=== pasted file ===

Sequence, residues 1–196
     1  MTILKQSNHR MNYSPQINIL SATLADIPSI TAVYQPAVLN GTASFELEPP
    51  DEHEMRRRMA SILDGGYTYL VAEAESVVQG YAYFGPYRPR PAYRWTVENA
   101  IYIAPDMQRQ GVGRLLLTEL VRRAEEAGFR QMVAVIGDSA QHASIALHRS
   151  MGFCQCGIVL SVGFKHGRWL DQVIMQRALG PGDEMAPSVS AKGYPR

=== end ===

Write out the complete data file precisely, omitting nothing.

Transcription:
Sequence, residues 1–196
     1  MTILKQSNHR MNYSPQINIL SATLADIPSI TAVYQPAVLN GTASFELEPP
    51  DEHEMRRRMA SILDGGYTYL VAEAESVVQG YAYFGPYRPR PAYRWTVENA
   101  IYIAPDMQRQ GVGRLLLTEL VRRAEEAGFR QMVAVIGDSA QHASIALHRS
   151  MGFCQCGIVL SVGFKHGRWL DQVIMQRALG PGDEMAPSVS AKGYPR